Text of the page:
The climate was colder and wetter during the Middle Bronze Age. What are the consequences of this deterioration of the climate on the economy? Is it at the root of major crises that caused the abandon of existing field systems or inversely led to agricultural diversification and the occupation of new areas? Such major events such as the abandon of the North alpine lakes or the collapse of the terramare system in the Po valley have already been identified and these need to be re-examined. Similar to the Besançon conference (Environnements et cultures à l’âge du Bronze en Europe occidentale, CTHS 2004), approaches analysing the interaction between societies and their environment will of course find their place in the conference’s programme. In addition, it will also be necessary to tackle the consequences of these crises in terms of paleodemography, population mobility, etc.

Certain areas such as the Terramare see the development of real agglomerations linked to intensive agriculture whereas in other areas, traces of settlements are still quite difficult to identify. How do we interpret these differences from a social point of view?

In relation to material culture, this period is also distinguished by an intense acceleration of metal production, by the more and more sophisticated weapons and tools and an increase in the number of hoards. The developments in how objects were consumed and the increased need for raw materials lead us to reflect on the status of bronze production and of the bronze worker within Bronze Age society.

The long distance exchange of objects across Europe, the exchange of ideas and techniques, of religion and the mobility of people also define this very dynamic period. For the most of this part of Europe, the funerary context of the Middle Bronze Age is characterised by inhumations under burial mounds which are gradually replaced at the transition with the Late Bronze Age by cremations in urns with metal and pottery grave goods. This transition phase also sees the appearance of the culture of la céramique cannelée (grooved ware pottery) covering an area from Middle Europe to the Paris basin. What links these phenomena and what is their historical value? Do the Middle Bronze Age and the beginning of the Late Bronze Age constitute a coherent cycle of social development or even a historical period on their own? What is the role played by this transitional period in the development of the Late Bronze Age; a preface or a break from Middle Bronze Age traditions as is seen in Mediterranean societies around 1200 BC?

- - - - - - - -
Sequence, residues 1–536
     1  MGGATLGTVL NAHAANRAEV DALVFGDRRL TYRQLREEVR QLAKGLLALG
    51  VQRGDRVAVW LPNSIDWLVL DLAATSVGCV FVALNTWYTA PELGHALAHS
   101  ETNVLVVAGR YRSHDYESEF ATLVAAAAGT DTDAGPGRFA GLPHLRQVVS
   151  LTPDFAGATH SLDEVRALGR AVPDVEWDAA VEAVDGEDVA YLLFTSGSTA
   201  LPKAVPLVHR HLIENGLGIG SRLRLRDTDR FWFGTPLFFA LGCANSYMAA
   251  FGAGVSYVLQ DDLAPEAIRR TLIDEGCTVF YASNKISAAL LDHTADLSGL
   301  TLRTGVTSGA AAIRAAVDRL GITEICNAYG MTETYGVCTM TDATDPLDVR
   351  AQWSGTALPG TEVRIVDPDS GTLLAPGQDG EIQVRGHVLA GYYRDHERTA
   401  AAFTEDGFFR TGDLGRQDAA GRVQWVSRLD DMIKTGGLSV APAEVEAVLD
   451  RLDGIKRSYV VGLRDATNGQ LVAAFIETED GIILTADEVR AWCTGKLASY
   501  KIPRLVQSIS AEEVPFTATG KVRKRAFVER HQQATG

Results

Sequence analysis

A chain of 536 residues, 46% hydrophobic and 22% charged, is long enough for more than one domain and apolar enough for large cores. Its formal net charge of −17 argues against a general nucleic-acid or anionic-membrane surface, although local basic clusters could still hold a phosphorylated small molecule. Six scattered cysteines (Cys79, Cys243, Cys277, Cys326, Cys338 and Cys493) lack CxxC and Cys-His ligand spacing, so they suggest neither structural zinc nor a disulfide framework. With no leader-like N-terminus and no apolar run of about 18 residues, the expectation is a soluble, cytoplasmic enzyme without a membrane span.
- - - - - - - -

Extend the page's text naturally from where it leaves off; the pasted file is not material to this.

These thoughts must not however conceal the many possibilities of contributions on chronological sequences which cannot be overlooked when seeking to comprehend this period.

Informations

The conference will take place over 3 days, with 12 half hour papers (20 minutes per paper, 10 minutes discussion time) per day. Poster sessions with 5 minute presentations will also be organised. All conference papers will be published.

Submission guidelines

Papers can be given in French, English or German, the powerpoint texts do however need to be in English (or translated into French for the papers given in English). Colleagues that wish to present a paper or a poster (preferably in sessions 2 and 3) are invited to return the proposition form

before December 31st 2013

at the following address: bronzemoyen2014@gmail.com. Any questions or queries concerning the conference can also be sent to this address.

Registration forms must be received before February 15th 2014 submitted with two short abstracts (about half a page) written in French and English and a full page illustration (drawing or BW photo).

Full registration fees are 40 €, students 20 € and include full access to the conference, the pre-acts, coupons for coffee breaks and cocktails and tourist information about the Strasbourg area. Lunches are not included. The Hôtel du département is near to the « Petite France », Strasbourg’s tourist centre with many restaurants to choose from.

Registration fees must be paid by cheque (in euros) to APRAB and sent to the following address, foreign colleagues are requested to pay at the conference. 

Sylvie BOULUD

Université de Nantes - UFR Histoire, Histoire de l'Art et Archéologie
Chemin de la censive du tertre

BP 81227

44312 Nantes cedex 3

The conference is organised by APRAB in the tradition of the international « Bronze » meetings, in partnership with the University of Strasbourg and the MISHA of Alsace, the UMR ARCHIMEDE of Strasbourg, the UMR 62 98 ARTEHIS of Dijon, INRAP, the Pôle Archéologique Interdépartemental Rhénan (PAIR), the Direction régionale des Affaires culturelles - Service régional de l’Archéologie d’Alsace and the University of Freiburg.

Organization committee

  • Anne-Marie ADAM :  University of Strasbourg - UMR 7044 Archimède
  • Christophe HUTH : Department of Prehistoric Archaeology – University of Freiburg
  • Philippe KUCHLER : PAIR
  • Marina LASSERRE : SRA Alsace and UMR 7044 Archimède
  • Thibault LACHENAL : APRAB and CNRS-UMR 5140 Archéologie des Sociétés Méditerranéennes
  • Claude MORDANT : APRAB and UMR 6298 ArTeHiS
  • Théophane NICOLAS : INRAP, APRAB and UMR 8215 Trajectoires
  • Jean-François PININGRE : UMR 6298 ArTeHiS
  • Suzanne PLOUIN :  Unterlinden Museum of Colmar and UMR 7044 Archimède
  • Bénédicte QUILLIEC : DST INRAP and UMR 8215 Trajectoires
  • Cécile VEBER : INRAP, UMR 7044 Archimède and APRAB
  • Stefan WIRTH : APRAB and University of Burgundy - UMR 6298 ArTeHiS

Places

  • Hôtel du département - Place du quartier Blanc
    Strasbourg, France (67000)

Date(s)

  • Tuesday, June 17, 2014
  • Friday, June 20, 2014

Keywords

  • Bronze moyen, Bronze final, périodisation, modèles socio-économiques

Contact(s)

  • Thibault Lachenal
    courriel : bronzemoyen2014 [at] gmail [dot] com

Information source

  • Thibault Lachenal
    courriel : bronzemoyen2014 [at] gmail [dot] com

To cite this announcement

« The Middle Bronze Age and the origins of the Late Bronze Age in Western Europe », Call for papers, Calenda, Published on Tuesday, December 03, 2013, https://calenda.org/266616